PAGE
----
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American Shipper

U.S. judge dismisses piracy charges

U.S. judge dismisses piracy charges

   A federal judge on Tuesday has dismissed piracy charges against six men accused of attacking a Navy ship in April in the Gulf of Aden.

   U.S. District Judge Raymond A. Jackson granted a motion by attorneys for six Somalis, writing in his decision, “the government has failed to establish that any unauthorized acts of violence or aggression committed on the high seas constitutes piracy as defined by the law of nations in 18 U.S.C. S.1651.

   “Following the government’s assertions would subject defendants to an enormously broad standard under a novel construction of the statute that has never been applied under United States law, and would in fact be contrary to Supreme Court case law,” he added.

   Jackson noted, however, that while he dismissed the piracy count, the government is not without tools to try and punish the men who are accused of using a small skiff to attack the USS Ashland, a 610-foot dock landing ship.

   The government said as the skiff approached the Ashland, at least one occupant raised a firearm and shot at the Navy ship. The Ashland returned fire and destroyed the skiff with a 25mm cannon. One passenger was killed.

   In an indictment, the government charged the six surviving Somali’s with a variety of crimes in addition to piracy — attack to plunder a vessel, acts of violence against persons on a vessel, conspiracy to perform acts of violence against persons on a vessel, assault with a dangerous weapon on federal officers and employees, conspiracy involving firearm and a crime of violence, use of firearm during a crime of violence. These crimes have maximum penalties from 8 to 25 years compared to life in prison for piracy.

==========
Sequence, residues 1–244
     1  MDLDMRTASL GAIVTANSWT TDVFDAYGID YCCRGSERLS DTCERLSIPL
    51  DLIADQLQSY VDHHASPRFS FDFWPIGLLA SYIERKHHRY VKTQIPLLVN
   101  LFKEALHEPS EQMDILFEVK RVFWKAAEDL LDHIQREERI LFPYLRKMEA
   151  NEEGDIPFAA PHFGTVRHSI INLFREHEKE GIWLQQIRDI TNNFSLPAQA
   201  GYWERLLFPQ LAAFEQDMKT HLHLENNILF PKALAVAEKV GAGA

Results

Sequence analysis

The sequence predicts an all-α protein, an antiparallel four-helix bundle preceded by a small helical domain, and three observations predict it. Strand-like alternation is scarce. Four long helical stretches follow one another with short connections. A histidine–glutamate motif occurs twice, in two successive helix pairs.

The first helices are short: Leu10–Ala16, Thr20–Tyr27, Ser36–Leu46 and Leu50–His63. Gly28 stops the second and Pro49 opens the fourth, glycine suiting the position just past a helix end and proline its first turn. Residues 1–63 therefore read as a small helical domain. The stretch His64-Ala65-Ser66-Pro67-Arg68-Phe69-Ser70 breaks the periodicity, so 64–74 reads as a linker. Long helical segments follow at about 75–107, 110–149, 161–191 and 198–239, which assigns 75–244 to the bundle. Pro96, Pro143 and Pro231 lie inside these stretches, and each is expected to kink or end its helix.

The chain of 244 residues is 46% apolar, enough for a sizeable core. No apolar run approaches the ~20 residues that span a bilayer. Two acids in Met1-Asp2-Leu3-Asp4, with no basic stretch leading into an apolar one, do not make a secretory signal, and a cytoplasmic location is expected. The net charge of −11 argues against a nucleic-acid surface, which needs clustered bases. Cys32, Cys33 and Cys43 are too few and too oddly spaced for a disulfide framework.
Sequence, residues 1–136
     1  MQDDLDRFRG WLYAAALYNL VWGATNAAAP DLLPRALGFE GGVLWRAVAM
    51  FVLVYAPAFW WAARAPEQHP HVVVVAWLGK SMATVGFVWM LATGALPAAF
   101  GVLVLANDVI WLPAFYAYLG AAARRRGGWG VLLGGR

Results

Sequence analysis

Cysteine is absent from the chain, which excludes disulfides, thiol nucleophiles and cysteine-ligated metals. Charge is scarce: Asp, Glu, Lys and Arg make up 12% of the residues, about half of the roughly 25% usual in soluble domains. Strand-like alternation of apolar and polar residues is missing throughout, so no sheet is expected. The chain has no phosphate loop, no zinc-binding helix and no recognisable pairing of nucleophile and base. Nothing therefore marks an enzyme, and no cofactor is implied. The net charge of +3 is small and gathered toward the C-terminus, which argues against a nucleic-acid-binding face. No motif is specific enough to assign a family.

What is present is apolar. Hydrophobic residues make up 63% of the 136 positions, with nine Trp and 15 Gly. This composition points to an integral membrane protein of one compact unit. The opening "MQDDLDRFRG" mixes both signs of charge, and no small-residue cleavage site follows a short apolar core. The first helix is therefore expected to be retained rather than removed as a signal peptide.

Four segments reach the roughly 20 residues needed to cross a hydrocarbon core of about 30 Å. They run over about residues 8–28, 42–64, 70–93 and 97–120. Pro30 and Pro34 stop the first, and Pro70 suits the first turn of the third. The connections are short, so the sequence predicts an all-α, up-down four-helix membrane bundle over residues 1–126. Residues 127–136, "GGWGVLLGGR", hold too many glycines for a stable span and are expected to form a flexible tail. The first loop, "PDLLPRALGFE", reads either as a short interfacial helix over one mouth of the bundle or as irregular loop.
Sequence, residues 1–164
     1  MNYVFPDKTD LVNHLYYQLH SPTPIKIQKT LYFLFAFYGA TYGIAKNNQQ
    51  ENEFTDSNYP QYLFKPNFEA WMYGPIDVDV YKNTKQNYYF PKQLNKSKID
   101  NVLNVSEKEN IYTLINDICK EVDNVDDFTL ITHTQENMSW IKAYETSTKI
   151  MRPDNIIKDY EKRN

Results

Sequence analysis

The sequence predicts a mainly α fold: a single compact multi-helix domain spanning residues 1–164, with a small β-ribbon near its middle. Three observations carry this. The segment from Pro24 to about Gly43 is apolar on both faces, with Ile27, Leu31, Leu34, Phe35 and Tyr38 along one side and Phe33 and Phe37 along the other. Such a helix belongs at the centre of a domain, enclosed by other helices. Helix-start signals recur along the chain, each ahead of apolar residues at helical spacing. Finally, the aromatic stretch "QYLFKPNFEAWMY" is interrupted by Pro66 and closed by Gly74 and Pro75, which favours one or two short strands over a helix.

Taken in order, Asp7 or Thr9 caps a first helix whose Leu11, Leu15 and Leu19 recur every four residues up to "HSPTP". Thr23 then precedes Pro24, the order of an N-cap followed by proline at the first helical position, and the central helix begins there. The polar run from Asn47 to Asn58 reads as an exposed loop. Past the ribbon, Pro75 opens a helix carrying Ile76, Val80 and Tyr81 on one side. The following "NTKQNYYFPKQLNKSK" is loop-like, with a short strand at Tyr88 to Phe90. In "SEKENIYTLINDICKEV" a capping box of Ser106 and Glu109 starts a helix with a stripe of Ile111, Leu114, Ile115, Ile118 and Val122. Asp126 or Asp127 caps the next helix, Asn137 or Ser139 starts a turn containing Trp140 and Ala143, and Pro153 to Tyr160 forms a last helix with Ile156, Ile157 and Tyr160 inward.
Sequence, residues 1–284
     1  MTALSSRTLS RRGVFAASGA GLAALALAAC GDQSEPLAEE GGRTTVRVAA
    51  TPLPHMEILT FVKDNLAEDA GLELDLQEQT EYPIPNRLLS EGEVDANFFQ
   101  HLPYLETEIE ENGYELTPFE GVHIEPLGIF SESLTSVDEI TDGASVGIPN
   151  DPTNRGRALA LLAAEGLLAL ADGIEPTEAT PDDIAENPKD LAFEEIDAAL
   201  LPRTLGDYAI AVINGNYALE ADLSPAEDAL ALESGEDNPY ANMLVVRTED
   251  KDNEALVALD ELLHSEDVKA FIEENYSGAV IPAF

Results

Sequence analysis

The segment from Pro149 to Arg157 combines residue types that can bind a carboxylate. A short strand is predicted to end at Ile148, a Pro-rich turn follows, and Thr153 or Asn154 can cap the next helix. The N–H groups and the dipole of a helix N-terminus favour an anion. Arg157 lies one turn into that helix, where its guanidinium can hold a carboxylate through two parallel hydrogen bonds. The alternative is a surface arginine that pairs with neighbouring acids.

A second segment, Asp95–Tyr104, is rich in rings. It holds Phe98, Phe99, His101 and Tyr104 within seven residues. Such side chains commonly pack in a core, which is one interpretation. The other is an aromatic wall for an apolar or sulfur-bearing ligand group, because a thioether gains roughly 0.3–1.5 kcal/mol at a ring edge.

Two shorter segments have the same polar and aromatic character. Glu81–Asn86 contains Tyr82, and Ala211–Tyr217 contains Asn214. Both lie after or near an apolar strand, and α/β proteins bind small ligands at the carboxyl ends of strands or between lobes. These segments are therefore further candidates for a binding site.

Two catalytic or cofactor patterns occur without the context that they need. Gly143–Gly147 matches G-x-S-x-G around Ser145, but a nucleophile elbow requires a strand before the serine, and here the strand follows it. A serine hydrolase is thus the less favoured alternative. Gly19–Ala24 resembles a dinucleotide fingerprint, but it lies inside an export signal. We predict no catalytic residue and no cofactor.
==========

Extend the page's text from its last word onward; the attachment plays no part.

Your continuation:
“It appears the judge adopted a very narrow interpretation whereas the Supreme Court in the case he cites, tended to define piracy in accordance with international law and in a broader way,” said John Kimball, an attorney with Blank Rome.

   Jackson’s decision extensively discusses the 1820 Supreme Court decision U.S. v. Smith where Justice Joseph Story wrote: “all writers concur in holding that robbery or forcible depredations upon the sea, animo furandi (with the intention to steal) is piracy. The same doctrine is held by all the great writers on maritime law in terms that admit of no reasonable doubt. The common law, too, recognizes and punishes piracy as an offense not against its own municipal code, but as an offense against the law of nations (which is part of the common law), as an offense against the universal law of society, a pirate being deemed an enemy of the human race.”

   Jackson said that 1820 Supreme Court decision defines piracy as sea robbery, and has a much narrower meaning than, for example, the phrase “piratical aggression,” which in the Piracy Act of 1819 included acts of violence other than robbery, forcible depredation or otherwise taking of a vessel.

   Robert Rigney, attorney for the Somali men, said the judge’s decision was critical because his clients, if convicted, would be subject to a life sentences without the possibility of parole.

   He also complained that the anti-piracy law in 18 U.S.C. S. 1651 — “whoever, on the high seas, commits the crime of piracy as defined by the law of nations, and is afterwards brought into or found in the United States, shall be imprisoned for life” — is much too vague for a criminal law.

   “You have to be given fair warning of what you are charged with. If you are charged with murder, if you are charged with assault, you know what the elements are. But under the criminal law “piracy under the law of nations is just too vague.”

   “If you want to change the law so that it says piracy is under the Geneva Convention, well then Congress is going to have to do that and they have not done that in 190 years,” he added.

   The 1958 Geneva Convention on the High Seas give has its own definition of piracy that includes “any illegal acts of violence, detention or any act of depredation, committed for private ends by the crew or the passengers of a private ship or a private aircraft” that takes place on high seas or in a place outside the jurisdiction of any state.

   Jackson also rejected a government argument that the phrase “forcible depredations” as something other than robbery or plunder.

   The Associated Press said attorneys for five other Somali defendants accused in a similar attack on the frigate USS Nicholas off the coast of Kenya in April are also seeking dismissal of a piracy count, citing similar arguments. A hearing in that case is scheduled for Sept. 9 before a different judge in Norfolk.

   The government is expected to appeal to the 4th U.S. Circuit Court of Appeals. ' Chris Dupin

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